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Highlights of the Concorso d’Eleganza Villa d’Este 2015

Since 1929, the world’s most elegant coachwork has been displayed at the Concorso d’Eleganza Villa d’Este, and that is still true today. Last weekend, the rarest classics and most daring modern concepts again met on the shores of Lake Como, vying for the title of ‘Best of Show’.

Classically elegant setting

There are many reasons why the Villa d’Este concours creates such electric interest each year. In addition to the selected classics and sleek design studies, it is the unique setting – the intimate atmosphere of the Villa d’Este on Saturday and the spacious parkland of Villa Erba for the Sunday concours – that makes the event so very special. Above all, the atmosphere at the Villa d’Este, that grand hotel where the first Concorso d'Eleganza took place 86 years ago, is extraordinary. Even in the absence of a specific dress code from the organisers, guests are invariably well-dressed and glamorous, the better to reflect the beauty of the historic automobiles and motorcycles. Perhaps, however, at the public part of the Concorso on the Sunday, a friendly note on certain clothing rules would enhance the spectacle even further.

Spanish extravaganza

Whatever the guests choose to wear, the historic automobiles and motorcycles will always be the all-star cast of the Concorso film. And that was especially true this year, when the selection committee invited a combination of the ‘usual suspects’ and some big surprises. Among the entries in the latter category was the Pegaso Cúpula (one of three Pegasos in the concours), sent by the world-renowned collector Evert Louwman. Painted in the national colours of Spain, this unique piece is reminiscent – in its shape and colours – of a work of art by Picasso. Many thought the quirky Spaniard would without doubt win ‘Best of Show’. Instead, the Pegaso took the Trofeo Ragazzi, judged by the young (under 16) visitors to Villa Erba.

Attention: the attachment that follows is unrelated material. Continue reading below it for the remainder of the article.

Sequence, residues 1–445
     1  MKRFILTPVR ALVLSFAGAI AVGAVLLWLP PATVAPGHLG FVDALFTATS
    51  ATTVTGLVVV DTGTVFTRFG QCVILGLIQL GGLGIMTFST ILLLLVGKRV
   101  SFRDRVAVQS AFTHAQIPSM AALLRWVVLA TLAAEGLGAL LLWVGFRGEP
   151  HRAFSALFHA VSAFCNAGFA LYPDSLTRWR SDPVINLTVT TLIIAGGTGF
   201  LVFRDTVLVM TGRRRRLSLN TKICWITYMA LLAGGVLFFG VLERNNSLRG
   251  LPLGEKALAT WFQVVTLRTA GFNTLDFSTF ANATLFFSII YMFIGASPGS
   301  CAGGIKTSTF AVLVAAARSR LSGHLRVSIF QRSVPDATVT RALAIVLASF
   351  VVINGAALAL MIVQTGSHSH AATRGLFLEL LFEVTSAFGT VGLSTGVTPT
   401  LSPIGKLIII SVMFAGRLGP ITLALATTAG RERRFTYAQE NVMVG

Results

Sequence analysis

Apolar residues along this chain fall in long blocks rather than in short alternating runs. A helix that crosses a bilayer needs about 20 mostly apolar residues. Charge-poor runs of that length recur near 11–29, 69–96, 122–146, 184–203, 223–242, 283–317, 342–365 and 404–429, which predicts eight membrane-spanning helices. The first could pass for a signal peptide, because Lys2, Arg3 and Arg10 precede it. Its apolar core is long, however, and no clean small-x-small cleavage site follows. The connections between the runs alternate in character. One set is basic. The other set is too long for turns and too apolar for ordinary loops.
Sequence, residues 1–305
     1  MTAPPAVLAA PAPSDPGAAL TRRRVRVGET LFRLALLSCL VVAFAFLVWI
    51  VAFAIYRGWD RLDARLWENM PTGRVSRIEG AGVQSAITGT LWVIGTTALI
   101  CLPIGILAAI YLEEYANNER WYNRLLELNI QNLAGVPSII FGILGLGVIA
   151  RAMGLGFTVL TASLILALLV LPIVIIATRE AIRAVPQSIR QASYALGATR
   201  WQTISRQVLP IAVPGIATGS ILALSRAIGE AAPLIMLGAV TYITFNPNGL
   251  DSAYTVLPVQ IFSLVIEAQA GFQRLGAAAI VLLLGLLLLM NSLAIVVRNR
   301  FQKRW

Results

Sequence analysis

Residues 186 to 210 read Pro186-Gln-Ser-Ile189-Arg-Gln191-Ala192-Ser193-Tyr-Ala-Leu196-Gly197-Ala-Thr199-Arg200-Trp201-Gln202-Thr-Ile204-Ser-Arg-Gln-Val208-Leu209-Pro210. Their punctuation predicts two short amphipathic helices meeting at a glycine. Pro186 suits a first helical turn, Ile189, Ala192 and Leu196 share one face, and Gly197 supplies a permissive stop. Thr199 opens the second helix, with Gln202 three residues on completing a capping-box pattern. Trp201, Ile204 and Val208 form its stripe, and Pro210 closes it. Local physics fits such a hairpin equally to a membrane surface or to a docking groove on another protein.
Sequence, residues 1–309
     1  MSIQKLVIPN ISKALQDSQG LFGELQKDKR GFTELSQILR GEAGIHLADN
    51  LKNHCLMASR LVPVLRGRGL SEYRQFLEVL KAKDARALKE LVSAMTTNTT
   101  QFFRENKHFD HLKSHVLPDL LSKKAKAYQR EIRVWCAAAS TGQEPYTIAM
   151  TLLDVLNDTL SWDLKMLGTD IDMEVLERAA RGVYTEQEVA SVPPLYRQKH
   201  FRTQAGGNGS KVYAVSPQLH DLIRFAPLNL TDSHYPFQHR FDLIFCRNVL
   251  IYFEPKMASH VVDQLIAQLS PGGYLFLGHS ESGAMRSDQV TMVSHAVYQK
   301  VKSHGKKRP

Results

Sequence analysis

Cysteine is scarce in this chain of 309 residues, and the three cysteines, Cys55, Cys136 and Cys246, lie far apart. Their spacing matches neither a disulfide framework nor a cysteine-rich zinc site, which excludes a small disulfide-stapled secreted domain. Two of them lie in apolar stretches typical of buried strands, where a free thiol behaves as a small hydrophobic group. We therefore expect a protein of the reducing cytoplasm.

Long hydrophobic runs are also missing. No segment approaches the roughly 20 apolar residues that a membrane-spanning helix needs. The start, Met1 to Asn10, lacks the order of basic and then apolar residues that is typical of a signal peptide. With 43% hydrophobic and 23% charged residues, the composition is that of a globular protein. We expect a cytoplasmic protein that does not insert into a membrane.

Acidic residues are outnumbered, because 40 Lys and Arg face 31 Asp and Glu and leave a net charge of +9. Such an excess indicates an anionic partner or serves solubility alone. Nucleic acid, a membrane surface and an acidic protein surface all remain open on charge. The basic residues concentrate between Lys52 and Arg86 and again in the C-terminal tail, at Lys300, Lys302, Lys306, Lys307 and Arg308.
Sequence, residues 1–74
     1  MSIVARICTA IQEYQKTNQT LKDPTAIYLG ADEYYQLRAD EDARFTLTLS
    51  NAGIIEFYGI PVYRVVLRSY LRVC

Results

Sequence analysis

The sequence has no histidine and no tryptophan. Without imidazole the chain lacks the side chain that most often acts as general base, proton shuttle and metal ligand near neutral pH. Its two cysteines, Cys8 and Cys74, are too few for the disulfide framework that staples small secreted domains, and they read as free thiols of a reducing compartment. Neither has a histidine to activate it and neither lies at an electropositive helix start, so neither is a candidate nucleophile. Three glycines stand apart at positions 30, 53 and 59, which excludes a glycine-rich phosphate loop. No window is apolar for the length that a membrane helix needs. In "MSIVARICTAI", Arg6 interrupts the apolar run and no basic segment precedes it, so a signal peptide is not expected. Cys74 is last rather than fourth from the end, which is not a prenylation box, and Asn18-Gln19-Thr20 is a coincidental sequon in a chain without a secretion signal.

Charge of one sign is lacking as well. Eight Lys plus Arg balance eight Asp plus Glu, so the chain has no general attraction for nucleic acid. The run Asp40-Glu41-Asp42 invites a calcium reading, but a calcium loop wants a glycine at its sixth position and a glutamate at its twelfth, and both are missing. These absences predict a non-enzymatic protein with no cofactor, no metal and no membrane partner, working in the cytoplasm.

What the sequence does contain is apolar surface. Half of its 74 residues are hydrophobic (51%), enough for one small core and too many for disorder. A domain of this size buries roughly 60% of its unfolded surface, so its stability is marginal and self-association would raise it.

Something very special

As happens every year, a few voices were heard bemoaning the fact that – in their opinion – “last year’s selection was better”. But how can you better a Ferrari 250 Tour de France in original condition, the very car that belonged to the Finnish racing driver Curt Lincoln and was seen for the first time outside Scandinavia since its collection from Modena? And what could be more elegant than an Alfa Romeo 6C 2500 Speciale with a jaw-dropping history? The selection at this year's Concorso was no better nor worse, but just different, from every other year. And that’s what makes this event so special.

Happy winners

Of course, the historic motorcycles are not to be missed, either. This year, the title of ‘Best of Show’ went to a Münch Mammut, but Classic Driver dealer Premiummotorad was delighted with its two runner-up places for an MV Agusta 750 GT and a Kawasaki Z 900. Meanwhile, the Coppa d’Oro, the ‘Best of Show’ voted for by public referendum at Villa d’Este, was presented to the sensational Ferrari 166 MM Barchetta that once belonged to the young Fiat patriarch Gianni Agnelli. However, the nine-member jury chaired by automobile designer Lorenzo Ramaciotti saw the situation rather differently, bestowing the title of ‘Best of Show’ on the 1932 Alfa Romeo 8C 2300 Spider Zagato.

Photos: Rémi Dargegen for Classic Driver © 2015